Expression of opinion or anguish is not contempt amounting to scandalising the court: Prashant Bhushan tells SC

The civil rights lawyer was responding to suo motu contempt action initiated against him on his tweets

August 03, 2020 09:38 am | Updated December 04, 2021 10:33 pm IST - NEW DELHI

Civil rights lawyer Prashant Bhushan. File Photo.

Civil rights lawyer Prashant Bhushan. File Photo.

Expressing opinion or bona fide anguish, however outspoken, disagreeable or unpalatable, cannot constitute contempt amounting to scandalising the court, noted civil rights lawyer Prashant Bhushan has said in a reply to a contempt notice issued to him by the Supreme Court.

Mr. Bhushan was responding to suo motu contempt action initiated against him on his tweets — one concerning a photograph of Chief Justice of India Sharad A. Bobde on a motorcycle and the other about the functioning of the Supreme Court in the past six years under four Chief Justices.

A three-judge Bench led by Justice Arun Mishra issued the contempt notice on July 22, saying the tweets undermined the dignity and authority of the court and the office of the CJI.


“Chief Justice is not the court, and raising issues of concern regarding the manner in which a CJI conducts himself during ‘court vacations’, or raising issues of grave concern regarding the manner in which four CJIs have used, or failed to use, their powers as ‘Master of the Roster’ to allow the spread of authoritarianism, majoritarianism, stifling of dissent, widespread political incarceration, and so on, cannot and does not amount to ‘scandalising or lowering the authority of the court,’ ” Mr. Bhushan contended.

The senior lawyer highlighted the very words of a Constitution Bench of the Supreme Court in the contempt case against former Madras High Court judge C.S. Karnan, namely that the “law of contempt is not made for the protection of judges who may be sensitive to the winds of public opinion. Judges are supposed to be men of fortitude, able to thrive in a hardy climate”.

Freedom of speech and expression was the “ultimate guardian” of values upheld in the Constitution. The exercise of contempt powers by the Supreme Court must necessarily not be of a nature that went beyond ‘reasonable restrictions’. The power of contempt under Article 129 was to be utilised to aid in administration of justice. Contempt could not be pressed into service to stifle bona fide criticism from citizens who were well-informed about the omissions and commissions of the Supreme Court, he said.

A separate writ petition has been filed jointly by veteran journalists N. Ram and Arun Shourie along with Mr. Bhushan challenging the constitutionality of contempt by “scandalising of the court” as “incurably vague”.

Mr. Bhushan said his tweet on June 29 regarding the CJI on a bike was made “primarily to underline my anguish at the non-physical functioning of the Supreme Court for the last more than three months, as a result of which fundamental rights of citizens, such as those in detention, those destitute and poor, and others facing serious and urgent grievances were not being addressed or taken up for redressal”.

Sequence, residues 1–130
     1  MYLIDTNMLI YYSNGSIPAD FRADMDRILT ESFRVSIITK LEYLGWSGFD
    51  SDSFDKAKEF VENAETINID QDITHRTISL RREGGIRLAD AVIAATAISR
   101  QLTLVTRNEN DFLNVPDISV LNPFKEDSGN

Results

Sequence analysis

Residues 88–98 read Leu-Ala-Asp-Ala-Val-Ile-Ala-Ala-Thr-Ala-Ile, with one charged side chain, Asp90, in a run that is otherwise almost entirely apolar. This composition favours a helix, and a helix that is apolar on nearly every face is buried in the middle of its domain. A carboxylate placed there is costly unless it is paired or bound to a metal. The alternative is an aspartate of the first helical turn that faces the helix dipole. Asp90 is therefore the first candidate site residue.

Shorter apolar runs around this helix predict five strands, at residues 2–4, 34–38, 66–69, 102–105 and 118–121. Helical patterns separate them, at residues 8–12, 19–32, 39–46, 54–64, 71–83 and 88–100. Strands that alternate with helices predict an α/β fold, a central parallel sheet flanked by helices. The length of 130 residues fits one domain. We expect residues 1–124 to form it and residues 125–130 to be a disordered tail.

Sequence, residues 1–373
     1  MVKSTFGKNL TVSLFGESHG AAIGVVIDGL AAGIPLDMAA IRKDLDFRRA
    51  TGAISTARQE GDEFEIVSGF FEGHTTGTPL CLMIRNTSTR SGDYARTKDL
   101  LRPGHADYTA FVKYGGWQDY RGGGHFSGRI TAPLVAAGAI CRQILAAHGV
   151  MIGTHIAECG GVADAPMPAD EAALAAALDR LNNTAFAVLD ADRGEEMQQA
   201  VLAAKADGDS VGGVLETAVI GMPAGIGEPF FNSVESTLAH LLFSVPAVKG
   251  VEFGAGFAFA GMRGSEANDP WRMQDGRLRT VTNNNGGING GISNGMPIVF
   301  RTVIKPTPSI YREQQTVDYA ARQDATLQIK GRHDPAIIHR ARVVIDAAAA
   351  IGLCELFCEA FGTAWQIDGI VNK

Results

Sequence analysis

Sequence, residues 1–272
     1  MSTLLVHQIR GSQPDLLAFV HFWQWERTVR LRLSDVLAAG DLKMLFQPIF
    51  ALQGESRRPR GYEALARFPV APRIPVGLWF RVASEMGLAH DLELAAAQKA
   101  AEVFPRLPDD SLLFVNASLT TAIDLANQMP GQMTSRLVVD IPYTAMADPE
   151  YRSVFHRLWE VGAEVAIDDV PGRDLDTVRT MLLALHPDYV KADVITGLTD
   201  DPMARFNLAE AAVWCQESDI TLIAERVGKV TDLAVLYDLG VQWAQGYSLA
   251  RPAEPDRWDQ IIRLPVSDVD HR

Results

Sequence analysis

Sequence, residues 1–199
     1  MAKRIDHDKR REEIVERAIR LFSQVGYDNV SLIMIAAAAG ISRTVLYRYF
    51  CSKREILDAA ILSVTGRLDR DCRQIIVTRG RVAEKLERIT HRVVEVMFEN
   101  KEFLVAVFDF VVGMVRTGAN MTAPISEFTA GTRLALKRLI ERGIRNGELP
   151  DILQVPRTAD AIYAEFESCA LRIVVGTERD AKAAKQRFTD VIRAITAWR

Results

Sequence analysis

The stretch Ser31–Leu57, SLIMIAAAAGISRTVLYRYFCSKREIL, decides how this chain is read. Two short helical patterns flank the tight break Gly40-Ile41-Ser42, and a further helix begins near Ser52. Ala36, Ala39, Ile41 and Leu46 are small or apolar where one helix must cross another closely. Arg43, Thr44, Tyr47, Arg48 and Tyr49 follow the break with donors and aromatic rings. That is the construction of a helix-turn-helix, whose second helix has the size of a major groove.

The July 27 tweet about the functioning of the court and the role of four CJIs was an expression of “ bona fide anguish”, he said.

‘Democracy substantially destroyed’

“The first part of the tweet contains my considered opinion that democracy has been substantially destroyed in India during the last six years. The second part is my opinion that the Supreme Court has played a substantial role in allowing the destruction of our democracy and the third part is my opinion regarding the role of the last four Chief Justices in particular in allowing it,” Mr. Bhushan replied.

He said that the citizens in a democracy had every right to freely and fairly discuss the state of affairs of an institution and build public opinion in order to reform the institution.

“I submit that my criticism has been outspoken yet it has been carefully weighed and made with the highest sense of responsibility,” Mr. Bhushan responded to the contempt notice.

He noted that several retired Supreme Court judges had expressed concern about the stifling of dissent. He recalled that Justice D.Y. Chandrachud, a serving judge of the Supreme Court, had expressed his anguish at the manner in which dissent was labelled as anti-national. He said four then Supreme Court judges had warned about the danger to democracy in an unprecedented press conference they called in January 2018.

Mr. Bhushan said the July 22 order mentioned that the suo motu contempt proceedings were based on a petition filed by Mahek Maheshwari the previous day. Mr. Maheshwari had sought exemption from taking the permission of the Attorney General. However, the contempt notice did not annexe the contempt petition. The administrative order to place the case for hearing on the judicial side had also not been annexed. The Registry had not provided these documents despite him asking for them.

“In the absence of that, I am somewhat handicapped in dealing with this contempt notice,” Mr. Bhushan said.

A solidarity statement has been signed by 131 personalities cutting across the spectrum, including senior lawyers, retired judges and journalists, in support of Mr. Bhushan.

A three-judge Bench led by Justice Mishra has scheduled the case for hearing on August 5.

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